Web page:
Sunday, April 08, 2007

Easter Sunday (Mass of the Day)
Terminals to Interchanges

Readings: Acts 10:34a, 37-43; Psalm 118:1-2, 16-17, 22-23; Colossians 3:1-4; John 20:1-9

Sisters and brothers, many of us here, myself included, are probably old enough to remember a significant development in the history of public transport in Singapore. There was a time when, if you fell fast asleep on the bus and didn’t wake up until it reached its destination, you would find yourself at a bus terminal. Often, this was a lonely, God-forsaken place, without even a shelter for you to stand under. This secluded spot was where the bus route terminated. This was where people were expected simply to end their journey.

Then (was it sometime in the eighties?) things began to change. Many old terminals were renovated and rebuilt into posh new interchanges. And the difference was not just in the label and in the look, but also in travel habits. People no longer stopped abruptly at a terminal. They arrived at an interchange and then continued on the next stage of their journey by transferring to another feeder or trunk service. More recently, we can even transfer to the MRT or the LRT. These changes reflect a radical transformation in public transportation in Singapore. The many different and disconnected bus routes of the past are now being integrated with other modes of transport into a single transit system. All this so that people are better able to get to where they need to go. And it all began with the transformation of terminals into interchanges.

This significant development provides us with a good image of what we are celebrating on this Easter Day. It indicates to us the reason for our joy. The action in our readings today revolves around the tomb of the crucified Christ. This is the place where the disciples had left the bruised and battered body of their Master. This is also the place where they had laid to rest all their hopes and dreams for an earthly Messiah. This is the secluded spot where their journey with Jesus had come to an abrupt and tragic end. The tomb was their terminal.

Yet, even though the tomb is a desolate place – full of painful memories – something prevents the disciples of Jesus, especially the women, from simply abandoning it altogether. Something draws them to revisit it. And it is in the revisiting that an impossible transformation happens. The place of darkness and death, the place of desolation and despair, is changed into a place of light and life, of consolation and hope. The tomb that once held the corpse of Christ is found to be empty. Not only are the linen cloths that once wrapped Jesus tightly in an embrace of death loosened, but to the eyes of faith they now become signs of a new and indestructible life.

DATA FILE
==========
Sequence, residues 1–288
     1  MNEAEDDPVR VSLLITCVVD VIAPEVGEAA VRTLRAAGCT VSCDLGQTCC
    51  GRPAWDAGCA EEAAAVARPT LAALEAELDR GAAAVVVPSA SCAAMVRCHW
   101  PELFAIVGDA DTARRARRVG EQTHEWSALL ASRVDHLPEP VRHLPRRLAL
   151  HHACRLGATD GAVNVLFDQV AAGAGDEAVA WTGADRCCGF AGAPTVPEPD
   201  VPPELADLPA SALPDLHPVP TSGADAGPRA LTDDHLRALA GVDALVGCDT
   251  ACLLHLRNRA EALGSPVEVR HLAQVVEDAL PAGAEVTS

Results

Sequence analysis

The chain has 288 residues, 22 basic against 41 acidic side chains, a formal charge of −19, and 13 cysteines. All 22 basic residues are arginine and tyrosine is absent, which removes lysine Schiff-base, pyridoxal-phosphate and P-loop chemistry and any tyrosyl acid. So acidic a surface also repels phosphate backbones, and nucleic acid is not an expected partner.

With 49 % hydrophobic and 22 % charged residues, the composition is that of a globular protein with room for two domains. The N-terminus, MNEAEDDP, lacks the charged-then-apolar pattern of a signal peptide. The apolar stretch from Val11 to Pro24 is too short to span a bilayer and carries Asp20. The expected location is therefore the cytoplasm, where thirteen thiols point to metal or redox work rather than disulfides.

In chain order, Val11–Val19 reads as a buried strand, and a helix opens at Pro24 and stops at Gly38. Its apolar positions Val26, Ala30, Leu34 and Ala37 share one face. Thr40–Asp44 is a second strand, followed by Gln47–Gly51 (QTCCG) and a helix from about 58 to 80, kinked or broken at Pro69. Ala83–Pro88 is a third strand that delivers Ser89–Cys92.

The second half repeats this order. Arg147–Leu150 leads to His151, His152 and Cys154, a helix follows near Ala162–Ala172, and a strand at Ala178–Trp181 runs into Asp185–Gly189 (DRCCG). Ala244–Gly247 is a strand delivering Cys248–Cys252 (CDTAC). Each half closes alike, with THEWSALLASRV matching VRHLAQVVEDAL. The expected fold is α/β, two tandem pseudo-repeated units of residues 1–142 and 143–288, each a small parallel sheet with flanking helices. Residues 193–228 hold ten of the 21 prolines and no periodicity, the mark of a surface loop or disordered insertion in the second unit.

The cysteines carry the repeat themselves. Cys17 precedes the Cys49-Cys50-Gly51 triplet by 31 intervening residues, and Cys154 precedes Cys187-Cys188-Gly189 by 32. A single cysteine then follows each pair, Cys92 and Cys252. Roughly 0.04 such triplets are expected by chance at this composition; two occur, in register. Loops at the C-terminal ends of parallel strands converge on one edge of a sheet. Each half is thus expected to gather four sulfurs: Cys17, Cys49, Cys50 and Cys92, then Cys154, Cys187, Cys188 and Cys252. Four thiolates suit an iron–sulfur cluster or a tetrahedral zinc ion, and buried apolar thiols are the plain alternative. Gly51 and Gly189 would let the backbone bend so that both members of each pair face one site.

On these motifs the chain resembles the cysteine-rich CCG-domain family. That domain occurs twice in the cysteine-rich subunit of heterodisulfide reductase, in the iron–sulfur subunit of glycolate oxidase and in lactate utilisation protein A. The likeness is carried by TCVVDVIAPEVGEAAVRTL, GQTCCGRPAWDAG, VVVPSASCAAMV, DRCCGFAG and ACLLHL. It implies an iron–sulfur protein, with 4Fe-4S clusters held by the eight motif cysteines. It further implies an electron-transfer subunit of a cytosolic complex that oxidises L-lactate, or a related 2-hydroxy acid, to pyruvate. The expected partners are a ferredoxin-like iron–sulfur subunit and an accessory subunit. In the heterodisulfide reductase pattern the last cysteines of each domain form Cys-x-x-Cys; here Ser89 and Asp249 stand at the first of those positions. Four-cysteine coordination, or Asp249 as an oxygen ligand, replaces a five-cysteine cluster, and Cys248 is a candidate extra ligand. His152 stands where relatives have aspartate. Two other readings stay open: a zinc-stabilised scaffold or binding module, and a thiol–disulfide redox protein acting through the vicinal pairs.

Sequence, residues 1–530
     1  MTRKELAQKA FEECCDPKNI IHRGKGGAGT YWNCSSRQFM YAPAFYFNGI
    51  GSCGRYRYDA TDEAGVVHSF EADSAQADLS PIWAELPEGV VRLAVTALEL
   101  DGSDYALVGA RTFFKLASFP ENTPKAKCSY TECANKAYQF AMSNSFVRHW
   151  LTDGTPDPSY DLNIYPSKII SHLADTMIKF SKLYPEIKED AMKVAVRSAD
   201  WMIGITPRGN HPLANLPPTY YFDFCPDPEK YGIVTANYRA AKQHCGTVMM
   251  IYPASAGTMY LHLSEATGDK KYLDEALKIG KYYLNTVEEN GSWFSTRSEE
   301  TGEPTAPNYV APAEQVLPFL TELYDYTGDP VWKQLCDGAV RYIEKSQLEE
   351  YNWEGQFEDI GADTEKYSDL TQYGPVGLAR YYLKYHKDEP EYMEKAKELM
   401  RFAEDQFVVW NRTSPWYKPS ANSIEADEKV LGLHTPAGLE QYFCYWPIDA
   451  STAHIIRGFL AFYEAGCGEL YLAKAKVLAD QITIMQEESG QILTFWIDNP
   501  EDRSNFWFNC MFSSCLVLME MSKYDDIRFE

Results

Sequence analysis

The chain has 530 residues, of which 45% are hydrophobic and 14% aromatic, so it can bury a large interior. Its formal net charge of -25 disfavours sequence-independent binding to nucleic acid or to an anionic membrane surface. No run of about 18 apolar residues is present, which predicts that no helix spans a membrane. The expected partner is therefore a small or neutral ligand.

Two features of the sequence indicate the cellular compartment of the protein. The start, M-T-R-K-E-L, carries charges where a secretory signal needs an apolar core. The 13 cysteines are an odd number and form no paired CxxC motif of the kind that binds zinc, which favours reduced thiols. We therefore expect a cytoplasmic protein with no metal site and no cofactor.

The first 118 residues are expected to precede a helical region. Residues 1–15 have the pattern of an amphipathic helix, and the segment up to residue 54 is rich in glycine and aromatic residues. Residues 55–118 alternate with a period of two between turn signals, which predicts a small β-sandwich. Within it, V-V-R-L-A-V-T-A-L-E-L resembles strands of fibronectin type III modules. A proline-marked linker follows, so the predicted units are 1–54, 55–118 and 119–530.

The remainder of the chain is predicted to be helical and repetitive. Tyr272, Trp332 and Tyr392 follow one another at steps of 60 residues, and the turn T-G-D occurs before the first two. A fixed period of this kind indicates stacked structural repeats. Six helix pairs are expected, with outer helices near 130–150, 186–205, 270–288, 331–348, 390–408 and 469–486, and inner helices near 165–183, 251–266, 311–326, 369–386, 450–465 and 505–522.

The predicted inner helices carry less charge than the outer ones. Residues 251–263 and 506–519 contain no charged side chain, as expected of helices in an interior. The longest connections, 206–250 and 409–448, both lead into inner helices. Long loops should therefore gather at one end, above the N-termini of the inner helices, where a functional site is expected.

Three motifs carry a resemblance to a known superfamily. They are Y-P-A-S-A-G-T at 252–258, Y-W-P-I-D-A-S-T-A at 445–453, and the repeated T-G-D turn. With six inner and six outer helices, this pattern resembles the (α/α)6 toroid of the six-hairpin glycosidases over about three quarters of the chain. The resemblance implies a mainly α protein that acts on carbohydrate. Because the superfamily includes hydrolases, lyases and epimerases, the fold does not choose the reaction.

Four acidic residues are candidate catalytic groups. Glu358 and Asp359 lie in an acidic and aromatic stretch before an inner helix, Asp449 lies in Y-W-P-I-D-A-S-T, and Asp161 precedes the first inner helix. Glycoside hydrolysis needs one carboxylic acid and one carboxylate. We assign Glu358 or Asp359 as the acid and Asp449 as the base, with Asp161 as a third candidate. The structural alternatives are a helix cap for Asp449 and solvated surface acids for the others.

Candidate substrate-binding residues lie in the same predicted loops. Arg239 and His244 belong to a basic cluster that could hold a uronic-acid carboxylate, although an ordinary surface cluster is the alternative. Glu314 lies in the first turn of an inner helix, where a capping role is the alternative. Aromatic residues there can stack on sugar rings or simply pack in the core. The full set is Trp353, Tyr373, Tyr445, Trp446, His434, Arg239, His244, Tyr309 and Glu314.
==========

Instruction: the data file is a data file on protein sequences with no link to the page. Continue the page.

Where once the disciples were fearfully wrapped up in their own grief, gradually they are given the courage and the energy to do what we hear Peter doing in the first reading. They reach out to others, bearing witness to all that Jesus had done and taught. Most of all, they proclaim to everyone they meet the wondrous story of his dying and rising. This outward change in their behavior is the result of an inward transformation in their attitude and perception. They are gazing upon the world with new eyes. They are now able to do what we heard about in the second reading from the letter to the Colossians. Having seen eternal life in a few linen burial cloths lying in an empty tomb, their thoughts are now on heavenly things. Although they appear as they did before – very ordinary people, walking this earth like everyone else – their lives are now hidden with Christ in God. And for them this radical transformation begins when the secluded spot of journey’s end is changed into the starting point of an exciting new adventure. It all begins today at the empty tomb where the terminal is transformed into an interchange.